October is Attention Deficit/Hyperactive Disorder Awareness month. This year, 2016, the theme is “Knowing is Better.”
It is better for everyone (parents, young adults, adults) to know that ADHD is a part of their or their children’s lives so that they can seek the help that is needed. This helps in school, workplaces and the frustration of being an underachiever. ADHD constitutes a serious issue in the African-American community.
The Center for Disease Control and Prevention lists that African-American males as leading other racial groups and gender in the diagnosis of learning and behavioral disorders.
In 2006 in the United States there were 4.5 million children between the ages of 5 and 17 who had been diagnosed with ADHD (Pastor & Reuben, 2008). Attention Deficit Hyperactivity Disorder is one of the most expensive mental disorders, costing U.S. citizens $77 billion every year (Reinberg, 2004). This makes African-American males living in poverty the least likely to receive mental health services, even though they are the most likely to be referred to a mental health agency.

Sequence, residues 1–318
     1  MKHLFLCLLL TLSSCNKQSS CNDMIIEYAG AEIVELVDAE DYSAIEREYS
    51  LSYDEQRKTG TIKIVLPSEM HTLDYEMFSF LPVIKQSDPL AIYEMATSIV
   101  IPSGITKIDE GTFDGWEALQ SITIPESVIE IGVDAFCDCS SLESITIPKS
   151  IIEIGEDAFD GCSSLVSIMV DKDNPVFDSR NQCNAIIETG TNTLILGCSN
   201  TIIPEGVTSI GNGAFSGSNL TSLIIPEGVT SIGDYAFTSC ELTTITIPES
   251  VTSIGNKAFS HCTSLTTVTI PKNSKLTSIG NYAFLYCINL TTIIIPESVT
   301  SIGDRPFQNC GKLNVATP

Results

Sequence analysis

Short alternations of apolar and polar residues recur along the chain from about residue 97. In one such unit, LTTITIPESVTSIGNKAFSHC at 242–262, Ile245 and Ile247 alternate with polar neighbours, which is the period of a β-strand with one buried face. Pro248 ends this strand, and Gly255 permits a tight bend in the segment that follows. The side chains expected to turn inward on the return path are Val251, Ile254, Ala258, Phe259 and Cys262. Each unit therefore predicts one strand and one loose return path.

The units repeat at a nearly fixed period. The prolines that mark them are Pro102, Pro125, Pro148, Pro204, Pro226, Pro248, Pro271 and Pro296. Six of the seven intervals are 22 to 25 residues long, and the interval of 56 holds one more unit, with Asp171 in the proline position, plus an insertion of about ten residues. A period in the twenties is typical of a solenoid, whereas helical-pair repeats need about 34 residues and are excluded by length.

Before we delve into the impact of ADHD on the African-American culture, we need to understand ADHD. 3-7% of school age children have the diagnosis of ADHD, this means approximately 2 million children in the United States have the disorder (Brown, 2000;).